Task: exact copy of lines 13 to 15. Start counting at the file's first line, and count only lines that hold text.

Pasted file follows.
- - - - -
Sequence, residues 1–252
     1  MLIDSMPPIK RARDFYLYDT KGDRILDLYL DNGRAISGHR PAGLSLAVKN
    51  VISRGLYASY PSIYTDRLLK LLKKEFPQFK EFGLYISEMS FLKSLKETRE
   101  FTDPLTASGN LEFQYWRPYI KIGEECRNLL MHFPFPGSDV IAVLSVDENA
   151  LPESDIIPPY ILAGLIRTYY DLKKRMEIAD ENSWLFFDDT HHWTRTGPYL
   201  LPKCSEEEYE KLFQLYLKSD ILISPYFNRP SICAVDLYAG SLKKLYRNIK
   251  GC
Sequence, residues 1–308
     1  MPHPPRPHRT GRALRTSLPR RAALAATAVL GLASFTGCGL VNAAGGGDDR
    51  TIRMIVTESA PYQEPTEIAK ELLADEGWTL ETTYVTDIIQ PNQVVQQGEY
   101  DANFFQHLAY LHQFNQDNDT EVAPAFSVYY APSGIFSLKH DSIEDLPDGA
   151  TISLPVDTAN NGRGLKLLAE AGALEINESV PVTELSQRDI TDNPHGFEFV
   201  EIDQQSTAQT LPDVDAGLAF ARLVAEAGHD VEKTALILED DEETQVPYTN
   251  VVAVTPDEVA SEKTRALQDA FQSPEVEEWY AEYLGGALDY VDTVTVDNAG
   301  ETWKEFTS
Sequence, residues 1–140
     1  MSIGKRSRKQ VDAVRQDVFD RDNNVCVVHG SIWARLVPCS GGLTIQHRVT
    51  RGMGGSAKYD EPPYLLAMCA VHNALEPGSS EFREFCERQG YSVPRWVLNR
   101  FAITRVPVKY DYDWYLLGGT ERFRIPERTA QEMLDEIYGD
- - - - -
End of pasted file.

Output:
   201  EIDQQSTAQT LPDVDAGLAF ARLVAEAGHD VEKTALILED DEETQVPYTN
   251  VVAVTPDEVA SEKTRALQDA FQSPEVEEWY AEYLGGALDY VDTVTVDNAG
   301  ETWKEFTS